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  • Writer's pictureSpeechEase Team

Communication & AAC

Updated: Jun 16, 2020

October is AAC awareness month, so it is only fitting we shed some light on it. Unless you’re a fellow speech-language pathologist (SLP), or have had the fortunate experience of meeting an AAC user, this may be a foreign concept for many.

What is AAC?

Augmentative and alternative communication (AAC) encompasses communication systems, strategies, and tools that replace or supplement natural speech for communication. AAC is rooted in the philosophy that communication is not limited to just speech. Communication can come in many shapes and forms.

For many of us, verbal communication is our dominant medium of choice, however, we also write, gesture, sign, and for some, use AAC.

Communication enables us to both express ourselves and communicate with others. Functional communication, however, is the primary goal for most of us whenever we engage in social interactions; it is how we participate in various activities and across many environments. Similarly, the primary goal of AAC systems is to increase the functional communicative capacity of users, so that they too may increase their participation in daily activities (Light & McNaughton, 2014).

Why AAC?

AAC users may have diagnoses or disorders that limit their ability to use natural speech to communicate. The use of AAC provides them with the opportunity to engage with others and participate in a variety of activities—this could be communicating with family members, participating in classroom activities, or getting involved in community programs. As varied as the population of AAC users are, so are the number of system options that can be selected from—it is not a “one size fits all” model.

AAC options range from low tech (e.g., pen and paper), to light tech (e.g., pictures created on a computer that are printed onto a page), to high tech (e.g., an app on a tablet). There is no “right” or “wrong” choice when it comes to selecting an AAC system, but it may take some time to find the best match.


You may still have some concerns about opting for AAC, so here are three myth-busting truths about it:

MYTH #1: Using AAC may isolate the user, or discourage them from developing and using verbal language.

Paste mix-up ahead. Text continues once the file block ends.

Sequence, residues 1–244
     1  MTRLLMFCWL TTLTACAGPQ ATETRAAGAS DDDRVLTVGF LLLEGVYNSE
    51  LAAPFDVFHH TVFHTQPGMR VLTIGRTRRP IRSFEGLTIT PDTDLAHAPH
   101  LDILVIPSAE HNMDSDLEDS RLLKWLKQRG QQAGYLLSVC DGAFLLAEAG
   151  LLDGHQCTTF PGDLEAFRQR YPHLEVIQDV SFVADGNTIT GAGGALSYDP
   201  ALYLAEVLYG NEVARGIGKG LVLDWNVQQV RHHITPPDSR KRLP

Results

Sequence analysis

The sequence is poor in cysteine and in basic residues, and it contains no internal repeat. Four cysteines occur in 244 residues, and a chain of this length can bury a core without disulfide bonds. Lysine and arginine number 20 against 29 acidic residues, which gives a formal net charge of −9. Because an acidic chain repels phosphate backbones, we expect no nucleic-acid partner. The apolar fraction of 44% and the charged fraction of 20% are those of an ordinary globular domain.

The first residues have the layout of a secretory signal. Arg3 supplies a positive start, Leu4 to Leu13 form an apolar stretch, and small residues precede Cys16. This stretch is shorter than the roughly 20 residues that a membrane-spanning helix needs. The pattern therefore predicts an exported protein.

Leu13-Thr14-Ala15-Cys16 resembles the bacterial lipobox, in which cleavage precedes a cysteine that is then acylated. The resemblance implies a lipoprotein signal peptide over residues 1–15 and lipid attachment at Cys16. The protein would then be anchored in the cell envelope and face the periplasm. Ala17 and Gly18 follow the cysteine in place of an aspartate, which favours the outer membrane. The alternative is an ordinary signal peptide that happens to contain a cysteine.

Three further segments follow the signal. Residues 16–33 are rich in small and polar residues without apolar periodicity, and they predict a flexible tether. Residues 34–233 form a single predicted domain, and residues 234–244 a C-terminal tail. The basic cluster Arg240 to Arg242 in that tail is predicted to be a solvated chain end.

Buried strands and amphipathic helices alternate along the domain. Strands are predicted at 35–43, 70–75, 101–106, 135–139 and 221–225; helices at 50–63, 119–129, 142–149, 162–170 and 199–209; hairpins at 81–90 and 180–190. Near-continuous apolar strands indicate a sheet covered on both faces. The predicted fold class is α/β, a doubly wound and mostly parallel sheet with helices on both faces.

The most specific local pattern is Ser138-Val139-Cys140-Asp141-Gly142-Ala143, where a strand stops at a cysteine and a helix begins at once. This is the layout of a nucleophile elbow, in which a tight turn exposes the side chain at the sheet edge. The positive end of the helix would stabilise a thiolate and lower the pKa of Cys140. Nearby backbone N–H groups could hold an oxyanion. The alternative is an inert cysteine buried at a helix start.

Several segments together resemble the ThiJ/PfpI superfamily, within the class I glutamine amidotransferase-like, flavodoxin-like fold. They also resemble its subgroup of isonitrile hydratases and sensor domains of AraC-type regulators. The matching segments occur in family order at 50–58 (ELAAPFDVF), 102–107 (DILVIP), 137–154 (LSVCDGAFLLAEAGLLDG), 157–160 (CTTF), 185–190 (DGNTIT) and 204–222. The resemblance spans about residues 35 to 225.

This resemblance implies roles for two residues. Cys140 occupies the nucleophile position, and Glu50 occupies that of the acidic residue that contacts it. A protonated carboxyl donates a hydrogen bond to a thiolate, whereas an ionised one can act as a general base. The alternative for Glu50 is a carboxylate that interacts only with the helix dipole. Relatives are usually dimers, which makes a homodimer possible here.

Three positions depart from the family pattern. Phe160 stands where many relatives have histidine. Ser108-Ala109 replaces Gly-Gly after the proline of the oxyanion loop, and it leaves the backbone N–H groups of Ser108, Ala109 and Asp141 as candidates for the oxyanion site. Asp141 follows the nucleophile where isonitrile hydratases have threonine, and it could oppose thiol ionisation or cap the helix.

FACT: AAC use not only promotes communication and social participation, but also has been shown to reap benefits for speech production in children with developmental disabilities (Drager, Light, & McNaughton, 2010).

MYTH #2: AAC is an easy alternative—they just figure it out.

FACT: Learning to use AAC for communication isn’t any different than learning to speak or write—it takes explicit teaching, and lots of practice! As Jane Korsten very poignantly put it, “an average 18-month-old has been exposed to 4380 hours of oral language for about 8-hours per day since birth. A child with an AAC system who receives speech-language therapy 2 times per week for 20-30 minutes will reach the same amount of language exposure (in their AAC language) in 84 years.” It is going to take everyone—not just the SLP but also their family and friends—to help the individual learn to communicate using their system. Just take a peek into the lives of the Owens family at We Speak PODD!

MYTH #3: We should wait for the individual to be ready before we introduce AAC.

FACT: As a mentor once said to me, “If they can breathe, they can use AAC.” We are fortunate to live in a world where technological advances are constantly ongoing. With the right combination of systems and features, any individual—yes, regardless of age, mobility, or language skills—can find their AAC match.

When all is said and done, AAC systems are just another tool that we can use to achieve functional communication and life participation. For some, this can make a world of a difference, and open them up to opportunities once thought unimaginable.

By: Ina Lin

Registered Speech-Language Pathologist


Drawer, K., Light, J., & McNaughton, D. (2010). Effects of AAC interventions on communication and language for young children with complex communication needs. Journal of Pediatric Rehabilitation Medicine: An Interdisciplinary Approach, 3(4), 303-310. DOI 10.3233/PRM-2010-0141

Light, J., & McNaughton, D. (2014). Communicative competence for individuals who require augmentative and alternative communication: A new definition for a new era of communication? Augmentative and Alternative Communication, 30, 1-18. DOI: 10.3109/07434618.2014.885080

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